Church of England rector Sam Norton writes:
it is possible to appreciate religious music (or art or whatever) in such a way as to gain some benefit from it, even spiritual benefit – but this is not the same as worship. I think I would want to describe the difference as being between a consumer of religiously flavoured produce and being engaged in a conversation with something other than our own desires and perspectives. It is the latter that counts as worship, not the former.
Indeed. Perhaps this is the real story behind the controversy last year when Sam “sacked” his choirmaster, which reached the Daily Mail.
It is easy for someone like me to say Amen! to sentiments like this when directed at traditional church music, which is probably what was called “a substitute” for religion by the non-Christian professor Sam quoted. This is surely the kind of music which Sam’s old choir loved to sing, so different from Sam’s preferred Leonard Cohen.
But the same point also needs to be made about modern Christian music. It is easy to attract young people with no church background to Christian concerts and even “worship” services if the style of music and the atmosphere are right – and if enough money has been spent on high-tech audio-visual equipment to give an apparently authentic rock concert or disco experience. But listening to or singing along with such music is in itself no more worship than is listening to or singing along with classical oratorios.
So what should the church do?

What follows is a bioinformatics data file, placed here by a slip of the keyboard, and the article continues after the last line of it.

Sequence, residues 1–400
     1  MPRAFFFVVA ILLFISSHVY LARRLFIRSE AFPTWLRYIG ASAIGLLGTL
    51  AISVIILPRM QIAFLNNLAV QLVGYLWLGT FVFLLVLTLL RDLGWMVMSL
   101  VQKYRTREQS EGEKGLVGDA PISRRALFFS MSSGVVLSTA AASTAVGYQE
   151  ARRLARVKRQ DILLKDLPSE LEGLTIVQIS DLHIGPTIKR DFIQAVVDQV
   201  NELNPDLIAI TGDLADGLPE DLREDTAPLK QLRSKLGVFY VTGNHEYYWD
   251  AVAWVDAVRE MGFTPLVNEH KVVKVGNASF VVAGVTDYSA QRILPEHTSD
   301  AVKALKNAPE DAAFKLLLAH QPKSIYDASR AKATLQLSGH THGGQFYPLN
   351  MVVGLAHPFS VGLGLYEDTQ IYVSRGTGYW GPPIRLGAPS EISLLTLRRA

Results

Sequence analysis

First, I would say, it needs to provide an appropriate style of music for its congregation, or for the one it wants to attract. That, I suspect, was the problem Sam had: the music that his 100-strong congregation liked was not appreciated by the rest of his parish’s population of 7000. I’m not sure if they preferred Leonard Cohen! My own current church, Oasis Warrington, is seeking to reach unchurched young people, and so it offers a service with a rock concert atmosphere, and music from Hillsong and Abundant Life. That works in getting a good number of the 200,000 people of Warrington through its doors, but would probably not go down well in Sam’s village.
However, the important part starts once the people are inside the building, and have stayed through the opening musical selection. This is when the message needs to be put across that religion or being a Christian is not just about enjoying the music. That can be done in many ways – even by firing a director of music who has lost the right perspective. But it is probably communicated most clearly in the preaching of the gospel message, without compromise on its content although its form needs to be adapted to the congregation.
Anyone who visits Oasis Warrington to enjoy the music, and perhaps hoping to be moved in a vaguely religious way, will before the end of the meeting be challenged to something quite different, to giving their whole life to Jesus Christ in true sacrificial worship. The same should be true, whatever the style of music, at every church.